As Raheem Sterling stroked the ball high across Dúbravka into the top left corner to make it five, there was no kicking of the seat, no swearing, no despair. Instead, we picked up the incessant beat in the away end one more time – “Eddie Howe’s Black and White Army, Eddie Howe’s Black and White army”. Fifteen thousand empty seats remained silent in response. A quarter of those had been unfilled all afternoon. God help us if this is the future of oil money.

Seven years ago, I trudged disconsolately back from Eastlands after a desperate 5-goal defeat that presaged relegation. Ten years before that, it was a freezing furious stomp back towards town after what would prove to be Souness’s final match. And twelve years earlier, I sat on the pavement outside the Manchester City social club in Moss Side (don’t ask) in utter despair, unable to believe that we’d just been dumped out of the League Cup by Uwe Rösler – his granddad bombed Old Trafford, don’t you know – and Paul Walsh. Those who know me will know I’ve never been one to accept defeat with a rueful, stoical smile.

But today was different. I mean, when Sean Longstaff is matched up against Kevin de Bruyne, your expectations have to be lowered somewhat. Actually, I had to be reminded halfway through the second half he was even playing. For most of the match, City were playing five-a-side in our penalty box, every touch assured, every movement purposeful, always a willing runner. In truth, two goals in injury time only gave the scoreline a more accurate reflection of the balance of play. As yet, we’re not in a position to bring Phil Foden off the bench. Give it time. I hope.

Weirdly, we opened the match quite brightly. We even toyed with the quaint notion of passing and possession. As the olés went up from the away end in the early summer sunshine and Miggy found space down the right, it felt like the impossible might be possible. Then the ball reached Lascelles, reinstated as captain in the absence of Schär and Shelvey, and horrible reality dawned. His terror was palpable even in the back row of the third tier. Don’t put me through that pain again. Ever.

And then came the moment that should have put us ahead after barely five minutes. Saint Maximin found himself on the right and put in a testing cross. Meanwhile, Wood had taken a moment off from “occupying defenders” to actually consider threatening goal. Alas, his free header fell tamely into Ederson’s hands, while Joelinton was waiting beyond him to power home/ miss horribly (delete as applicable, depending on the extent of your blind faith).

When you’re playing the best club team in the world – regardless of their endlessly hilarious capacity to fuck up the Champions League, of which the away end was not slow to remind them – the last thing you need to do is give away soft goals. Unfortunately, we lack the quality to avoid that particular pitfall.

First, Sterling was left free at the far post with Dúbravka rooted to his line. Then, Dubs spilled a shot from a corner into the grateful path of Rúben Dias. He recovered well to block that effort, but could do nothing to prevent Laporte’s tap-in. Our entire defence were presumably trying on their flip-flops as the ball broke off the keeper. Finally, after a soporific start to the second half, Rodri made a near-post run from a corner and effortlessly glanced home on the hour. Game very much over.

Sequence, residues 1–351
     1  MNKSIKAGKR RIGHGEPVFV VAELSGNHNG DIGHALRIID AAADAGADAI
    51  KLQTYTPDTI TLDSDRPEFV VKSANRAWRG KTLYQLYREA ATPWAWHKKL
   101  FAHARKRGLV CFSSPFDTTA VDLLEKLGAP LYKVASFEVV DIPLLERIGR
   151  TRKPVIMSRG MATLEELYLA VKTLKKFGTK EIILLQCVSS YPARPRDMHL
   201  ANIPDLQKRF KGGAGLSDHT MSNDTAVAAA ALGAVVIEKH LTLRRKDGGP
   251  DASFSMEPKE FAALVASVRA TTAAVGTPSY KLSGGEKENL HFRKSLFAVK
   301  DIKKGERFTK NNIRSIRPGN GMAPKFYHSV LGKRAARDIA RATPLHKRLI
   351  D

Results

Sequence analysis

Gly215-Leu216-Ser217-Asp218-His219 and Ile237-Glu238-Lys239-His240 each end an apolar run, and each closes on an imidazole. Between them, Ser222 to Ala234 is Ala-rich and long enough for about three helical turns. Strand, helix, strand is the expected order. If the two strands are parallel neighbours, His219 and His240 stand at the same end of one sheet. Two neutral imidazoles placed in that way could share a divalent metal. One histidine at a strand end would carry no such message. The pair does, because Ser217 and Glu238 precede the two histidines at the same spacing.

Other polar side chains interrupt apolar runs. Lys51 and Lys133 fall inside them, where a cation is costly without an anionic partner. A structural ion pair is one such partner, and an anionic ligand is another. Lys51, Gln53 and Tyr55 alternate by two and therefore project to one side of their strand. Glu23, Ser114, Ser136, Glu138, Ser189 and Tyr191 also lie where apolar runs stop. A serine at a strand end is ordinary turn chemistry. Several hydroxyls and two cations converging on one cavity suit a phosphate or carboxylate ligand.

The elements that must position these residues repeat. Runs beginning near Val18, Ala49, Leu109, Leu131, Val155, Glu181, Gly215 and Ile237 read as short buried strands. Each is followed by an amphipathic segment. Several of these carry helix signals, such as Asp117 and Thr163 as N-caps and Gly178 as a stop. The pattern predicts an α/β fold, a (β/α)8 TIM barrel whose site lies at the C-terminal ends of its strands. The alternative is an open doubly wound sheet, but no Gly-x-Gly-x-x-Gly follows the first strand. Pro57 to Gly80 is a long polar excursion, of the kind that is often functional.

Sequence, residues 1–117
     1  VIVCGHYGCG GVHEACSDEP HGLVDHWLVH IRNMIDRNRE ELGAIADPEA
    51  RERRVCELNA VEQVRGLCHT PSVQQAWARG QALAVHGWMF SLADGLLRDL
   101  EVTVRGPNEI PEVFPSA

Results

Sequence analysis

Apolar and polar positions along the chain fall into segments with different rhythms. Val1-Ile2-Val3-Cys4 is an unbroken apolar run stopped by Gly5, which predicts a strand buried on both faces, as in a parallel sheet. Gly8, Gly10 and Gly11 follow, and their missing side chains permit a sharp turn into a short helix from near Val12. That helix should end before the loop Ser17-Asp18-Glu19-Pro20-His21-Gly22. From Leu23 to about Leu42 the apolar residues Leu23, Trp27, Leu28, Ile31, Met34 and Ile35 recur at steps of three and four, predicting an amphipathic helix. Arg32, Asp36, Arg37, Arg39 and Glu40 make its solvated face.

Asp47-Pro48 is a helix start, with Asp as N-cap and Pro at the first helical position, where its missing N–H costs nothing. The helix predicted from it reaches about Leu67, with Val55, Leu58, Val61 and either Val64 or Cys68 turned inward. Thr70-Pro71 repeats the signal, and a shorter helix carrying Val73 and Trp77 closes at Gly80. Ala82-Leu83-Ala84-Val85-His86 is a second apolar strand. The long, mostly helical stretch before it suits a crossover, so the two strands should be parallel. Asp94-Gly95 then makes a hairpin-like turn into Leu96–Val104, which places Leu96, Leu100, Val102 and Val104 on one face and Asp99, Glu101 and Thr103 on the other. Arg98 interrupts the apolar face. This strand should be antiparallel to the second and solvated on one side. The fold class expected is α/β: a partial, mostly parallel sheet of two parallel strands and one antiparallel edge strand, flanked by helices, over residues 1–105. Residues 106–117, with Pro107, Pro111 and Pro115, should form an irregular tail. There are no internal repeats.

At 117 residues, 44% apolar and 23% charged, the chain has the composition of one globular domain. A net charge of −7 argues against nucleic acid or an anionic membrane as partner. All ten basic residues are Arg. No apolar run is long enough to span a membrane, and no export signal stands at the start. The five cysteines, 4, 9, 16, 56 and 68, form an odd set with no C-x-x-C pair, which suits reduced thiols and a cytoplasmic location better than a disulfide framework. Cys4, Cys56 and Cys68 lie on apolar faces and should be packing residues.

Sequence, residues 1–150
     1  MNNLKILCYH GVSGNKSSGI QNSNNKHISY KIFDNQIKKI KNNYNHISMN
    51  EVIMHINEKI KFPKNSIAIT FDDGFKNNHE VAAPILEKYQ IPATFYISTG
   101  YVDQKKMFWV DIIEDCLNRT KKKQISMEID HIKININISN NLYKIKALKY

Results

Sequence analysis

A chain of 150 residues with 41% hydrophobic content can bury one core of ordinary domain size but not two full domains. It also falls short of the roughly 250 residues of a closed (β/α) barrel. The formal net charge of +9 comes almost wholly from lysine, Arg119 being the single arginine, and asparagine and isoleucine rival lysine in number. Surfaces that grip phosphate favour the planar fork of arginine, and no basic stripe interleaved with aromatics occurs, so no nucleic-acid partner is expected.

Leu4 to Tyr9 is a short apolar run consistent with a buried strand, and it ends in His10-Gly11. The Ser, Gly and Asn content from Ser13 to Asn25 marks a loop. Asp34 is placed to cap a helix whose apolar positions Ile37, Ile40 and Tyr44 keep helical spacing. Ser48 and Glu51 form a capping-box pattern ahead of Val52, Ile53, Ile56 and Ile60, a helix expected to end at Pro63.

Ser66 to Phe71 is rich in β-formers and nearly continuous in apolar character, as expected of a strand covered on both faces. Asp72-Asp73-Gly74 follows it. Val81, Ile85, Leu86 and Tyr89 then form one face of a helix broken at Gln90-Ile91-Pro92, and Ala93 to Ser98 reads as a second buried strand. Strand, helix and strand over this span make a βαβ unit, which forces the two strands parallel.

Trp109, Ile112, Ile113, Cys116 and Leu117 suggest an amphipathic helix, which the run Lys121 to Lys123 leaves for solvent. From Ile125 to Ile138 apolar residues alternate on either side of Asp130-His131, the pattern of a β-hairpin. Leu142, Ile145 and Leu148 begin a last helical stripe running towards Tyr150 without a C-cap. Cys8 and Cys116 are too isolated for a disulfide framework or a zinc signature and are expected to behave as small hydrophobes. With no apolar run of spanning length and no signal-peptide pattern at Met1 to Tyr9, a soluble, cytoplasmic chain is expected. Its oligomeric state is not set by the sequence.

Of course, it’s hard to judge when we’re faced with such quality, but it’s difficult not to feel that certain players proved themselves once and for all inadequate. Krafth was targeted mercilessly. Almirón was willing but ultimately incapable. And Saint-Maximin had plenty of opportunities in space to prove his equivalence to Mané, only to do a more than passable impression of Wayne Fereday.

Positives? BDB made mistakes but was by far the most assured and dynamic of our back five. Bruno was, as ever, head and shoulders above his teammates but overwhelmed in his attempts to single-handedly defend, create, and run the whole of midfield. But most positive of all was the long awaited return of Trippier and Wilson, the latter greeted by lusty and sustained chants wondering how exactly he scored that goal. Christ, we’ve missed him.

Despite obviously lacking sharpness, he showed in 20 minutes what a difference a pacey dynamic striker can make, one who is willing and able to make runs off the shoulder of the last defender and to gamble in the six-yard box. On one occasion, only a last-ditch header from Fernandinho denied him. On another, he was put clean through but failed to convert, Ederson demonstrating his class. Meanwhile, Trippier reminded us briefly of his constant energy and influence, at one point winning a header on the halfway line to which he had no right at all.

But it was that adventure in the final twenty minutes that was our undoing. Having looked by far the more likely to score, we were cut open with surgical precision in injury time, as the City fans practised their fire drill, heading obediently for the exits.

The last two matches might have shown us how far behind we are when it comes to the Premier League elite, but honestly that isn’t our concern at the moment. The first step was to learn how to win against Leicester, Wolves, and Brighton. That we’ve already taken that step meant that, for just one afternoon, I was able to stroll in the sunshine through north Manchester without a care in the world. Bring on the summer.

Matthew Philpotts @mjp19731